The Citicorp Tower is a famous case in engineering ethics that is often celebrated as a positive example, rather than the more notorious case studies of ethical failures. In this video, Dr. Michael Loui summarizes the highlights of the case, including the fact that:
- The design flaw was revealed by a Princeton University engineering student who was analyzing the structure for a class project.
- The structural engineer came to realize that the risk of building collapse exceeded all reasonable expectations. He notified the building owner, admitted the error, and worked out an expensive retrofit paid for by his liability insurance and the building owner.
- The discovery and remedy happened to coincide with a newspaper strike in New York City, which effectively suppressed publicity or investigation of the project.
As Dr. Loui explains it, the structural engineer took personal responsibility to protect the public safety. However, given the interesting epilogue regarding the structural engineer’s liability insurance premiums, it’s not clear what aspect of self-interest the engineer placed at risk.
A more dramatic account of the case produced by PBS includes testimony from William LeMessurier, the engineer responsible. It’s available on YouTube in three parts, and reveals some aspects of the case that are not in Michael Loui’s account, and question whether the case is really the paragon on professional virtue it is celebrated to be, including the secrecy that surrounded the retrofit
The “engineer at the table” referenced in the above clip is Leslie Robertson, as this more concise account of the case recounts. Robertson, a celebrated structural engineer in his own right who designed the World Trade Center, was directly involved in the Citicorp retrofit, but barely credited by LeMessurier’s accounts in these videos. I met Robertson when I was a PhD student at Clarkson University, prior to the 9/11 attacks on the World Trade Centers, but following the 1993 World Trade Center bombing. Robertson is in a unique position to comment on the eventual collapse of the World Trade Center and the controversy and speculation surrounding the subsequent investigation.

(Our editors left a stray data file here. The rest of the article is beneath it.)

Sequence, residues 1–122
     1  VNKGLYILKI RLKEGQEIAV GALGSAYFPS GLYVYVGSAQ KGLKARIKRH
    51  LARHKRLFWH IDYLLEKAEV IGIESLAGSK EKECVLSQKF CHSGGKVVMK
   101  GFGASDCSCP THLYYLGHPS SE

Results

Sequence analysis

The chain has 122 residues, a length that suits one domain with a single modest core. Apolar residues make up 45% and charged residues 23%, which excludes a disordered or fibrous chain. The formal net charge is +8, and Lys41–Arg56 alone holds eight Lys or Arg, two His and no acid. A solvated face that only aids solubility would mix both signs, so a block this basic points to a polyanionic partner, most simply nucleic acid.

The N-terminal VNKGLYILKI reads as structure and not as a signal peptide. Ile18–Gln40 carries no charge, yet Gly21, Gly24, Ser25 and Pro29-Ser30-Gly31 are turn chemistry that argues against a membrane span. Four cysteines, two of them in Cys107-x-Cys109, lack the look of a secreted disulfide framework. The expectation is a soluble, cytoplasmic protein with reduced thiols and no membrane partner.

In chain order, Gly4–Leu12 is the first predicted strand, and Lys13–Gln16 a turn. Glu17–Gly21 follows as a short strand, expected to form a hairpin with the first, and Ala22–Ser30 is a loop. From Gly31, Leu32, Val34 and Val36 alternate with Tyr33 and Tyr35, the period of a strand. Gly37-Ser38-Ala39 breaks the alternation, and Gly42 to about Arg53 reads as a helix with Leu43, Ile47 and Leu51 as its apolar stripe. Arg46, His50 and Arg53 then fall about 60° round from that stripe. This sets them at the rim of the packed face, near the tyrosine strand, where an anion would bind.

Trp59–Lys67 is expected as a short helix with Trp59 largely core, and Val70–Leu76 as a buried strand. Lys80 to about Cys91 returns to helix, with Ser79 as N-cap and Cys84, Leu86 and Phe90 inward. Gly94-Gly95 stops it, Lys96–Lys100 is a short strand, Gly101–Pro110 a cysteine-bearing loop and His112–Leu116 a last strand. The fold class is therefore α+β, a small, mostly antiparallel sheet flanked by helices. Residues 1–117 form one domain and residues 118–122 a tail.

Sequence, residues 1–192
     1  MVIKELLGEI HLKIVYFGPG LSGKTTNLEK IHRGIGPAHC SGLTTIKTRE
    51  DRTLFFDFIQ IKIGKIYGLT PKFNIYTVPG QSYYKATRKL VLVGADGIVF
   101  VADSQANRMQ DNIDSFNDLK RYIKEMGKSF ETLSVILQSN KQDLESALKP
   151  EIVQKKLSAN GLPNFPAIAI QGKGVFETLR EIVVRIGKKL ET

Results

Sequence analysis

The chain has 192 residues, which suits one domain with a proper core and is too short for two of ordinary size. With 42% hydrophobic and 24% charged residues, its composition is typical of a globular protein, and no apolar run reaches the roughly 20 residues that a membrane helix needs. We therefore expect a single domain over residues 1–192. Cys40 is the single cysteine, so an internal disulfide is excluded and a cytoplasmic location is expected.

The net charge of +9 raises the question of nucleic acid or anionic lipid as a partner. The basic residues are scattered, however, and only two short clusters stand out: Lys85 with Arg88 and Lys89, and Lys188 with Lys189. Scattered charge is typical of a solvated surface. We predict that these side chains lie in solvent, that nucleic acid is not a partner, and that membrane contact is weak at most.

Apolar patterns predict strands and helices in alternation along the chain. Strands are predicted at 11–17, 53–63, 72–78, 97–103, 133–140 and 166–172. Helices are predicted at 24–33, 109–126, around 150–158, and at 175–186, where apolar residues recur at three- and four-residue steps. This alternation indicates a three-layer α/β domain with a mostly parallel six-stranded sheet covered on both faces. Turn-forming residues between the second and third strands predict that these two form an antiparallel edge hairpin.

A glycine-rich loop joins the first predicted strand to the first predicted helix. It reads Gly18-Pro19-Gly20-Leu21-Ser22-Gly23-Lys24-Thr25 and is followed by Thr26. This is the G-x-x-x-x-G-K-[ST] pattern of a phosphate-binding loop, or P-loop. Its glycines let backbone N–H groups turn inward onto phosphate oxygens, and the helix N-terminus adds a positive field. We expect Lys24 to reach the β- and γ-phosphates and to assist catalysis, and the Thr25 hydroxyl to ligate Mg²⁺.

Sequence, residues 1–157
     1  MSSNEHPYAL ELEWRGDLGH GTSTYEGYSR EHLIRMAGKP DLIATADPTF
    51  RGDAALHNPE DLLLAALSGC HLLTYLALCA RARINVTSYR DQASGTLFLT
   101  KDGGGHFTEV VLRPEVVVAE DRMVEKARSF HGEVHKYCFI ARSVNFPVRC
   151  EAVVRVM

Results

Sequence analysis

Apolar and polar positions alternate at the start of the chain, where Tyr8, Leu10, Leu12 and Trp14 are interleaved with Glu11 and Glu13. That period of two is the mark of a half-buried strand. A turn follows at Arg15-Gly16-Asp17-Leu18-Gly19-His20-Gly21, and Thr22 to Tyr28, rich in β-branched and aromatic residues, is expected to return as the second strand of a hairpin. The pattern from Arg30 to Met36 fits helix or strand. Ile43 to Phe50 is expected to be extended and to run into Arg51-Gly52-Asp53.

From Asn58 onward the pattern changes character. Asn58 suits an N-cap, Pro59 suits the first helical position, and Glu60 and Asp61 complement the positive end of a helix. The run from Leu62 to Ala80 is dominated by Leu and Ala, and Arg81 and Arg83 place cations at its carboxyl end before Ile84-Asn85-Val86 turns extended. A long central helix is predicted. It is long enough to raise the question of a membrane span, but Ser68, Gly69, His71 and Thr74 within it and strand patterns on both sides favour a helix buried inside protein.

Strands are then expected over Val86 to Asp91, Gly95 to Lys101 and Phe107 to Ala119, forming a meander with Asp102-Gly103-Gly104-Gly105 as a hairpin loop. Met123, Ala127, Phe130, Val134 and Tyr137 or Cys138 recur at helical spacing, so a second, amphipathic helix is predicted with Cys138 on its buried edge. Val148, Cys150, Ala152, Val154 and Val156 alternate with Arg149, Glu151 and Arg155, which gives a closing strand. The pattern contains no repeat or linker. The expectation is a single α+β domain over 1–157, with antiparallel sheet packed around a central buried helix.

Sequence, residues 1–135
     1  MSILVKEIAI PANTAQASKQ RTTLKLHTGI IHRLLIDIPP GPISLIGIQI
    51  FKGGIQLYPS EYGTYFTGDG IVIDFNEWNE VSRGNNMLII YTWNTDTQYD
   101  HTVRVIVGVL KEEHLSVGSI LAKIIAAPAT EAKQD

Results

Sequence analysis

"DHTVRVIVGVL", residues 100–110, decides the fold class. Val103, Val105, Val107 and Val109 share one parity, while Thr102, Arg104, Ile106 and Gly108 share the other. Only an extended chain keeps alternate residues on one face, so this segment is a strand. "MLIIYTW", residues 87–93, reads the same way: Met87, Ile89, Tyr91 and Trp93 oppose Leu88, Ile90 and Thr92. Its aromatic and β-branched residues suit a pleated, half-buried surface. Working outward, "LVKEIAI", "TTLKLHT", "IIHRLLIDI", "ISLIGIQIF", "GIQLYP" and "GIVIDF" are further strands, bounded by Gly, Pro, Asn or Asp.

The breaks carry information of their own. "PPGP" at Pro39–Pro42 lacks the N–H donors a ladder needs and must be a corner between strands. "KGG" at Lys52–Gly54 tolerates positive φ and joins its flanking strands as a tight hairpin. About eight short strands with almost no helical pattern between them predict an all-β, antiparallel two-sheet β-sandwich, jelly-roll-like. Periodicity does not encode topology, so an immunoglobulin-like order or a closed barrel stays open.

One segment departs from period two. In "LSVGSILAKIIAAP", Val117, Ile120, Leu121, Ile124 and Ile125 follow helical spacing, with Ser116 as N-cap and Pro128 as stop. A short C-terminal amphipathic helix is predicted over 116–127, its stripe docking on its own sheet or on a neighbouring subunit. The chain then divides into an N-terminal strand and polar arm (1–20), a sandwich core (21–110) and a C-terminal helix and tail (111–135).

In the third video, one interview subject speculates as to whether LeMessurier actually had any choice. It seems he is referring to the question of whether or not to retrofit the building, but there were clearly more choices to make that went beyond the question of the structural integrity of the building.
Lastly, there are several aspects of the story that are not revealed in the videos.
One of these is that the PBS special credits an unnamed male engineering student “in New Jersey”, when in fact it was a female student from Princeton University (which is in New Jersey) but remains uncredited by popular accounts, largely because LeMessurier himself pays little attention to who she was.
Addendum: The Diane Hartley Case
Author(s): Caroline Whitbeck
In 1978 Diane Hartley was an engineering student at Princeton, studying with David Billington who was offering a course on structures and their scientific, social, and symbolic implications (subsequently titled, “Structure and the Urban Environment”). This course interested Diane Hartley early in her engineering studies and led her to pursue her undergraduate thesis with Billington, a thesis titled “Implications of a Major Office Complex: Scientific, Social and Symbolic Implications.”
In her thesis, Hartley looked into the Citicorp Tower, which had been recently built and was interesting to her for a number of reasons, including its innovative design. That design not only allowed a preexisting church to remain at ground level, but, because it left more open space at ground level, was permitted to be taller than zoning laws would otherwise have allowed.
When she contacted William LeMessurier’s firm (the engineering firm that built the Tower), they put her in touch with Joel S. Weinstein in their New York office, at the time a junior engineer with the firm. Mr. Weinstein sent her the architectural plans for the Citicorp Tower and many of his engineering calculations for the building. She reports that, at the time, she thought it odd that she did not see initials of another person beside those calculations, because the usual practice was for such work to be checked and initialed by a second engineer.
When Diane Hartley calculated the stresses due to quartering winds… . Read more at the Online Ethics Center.
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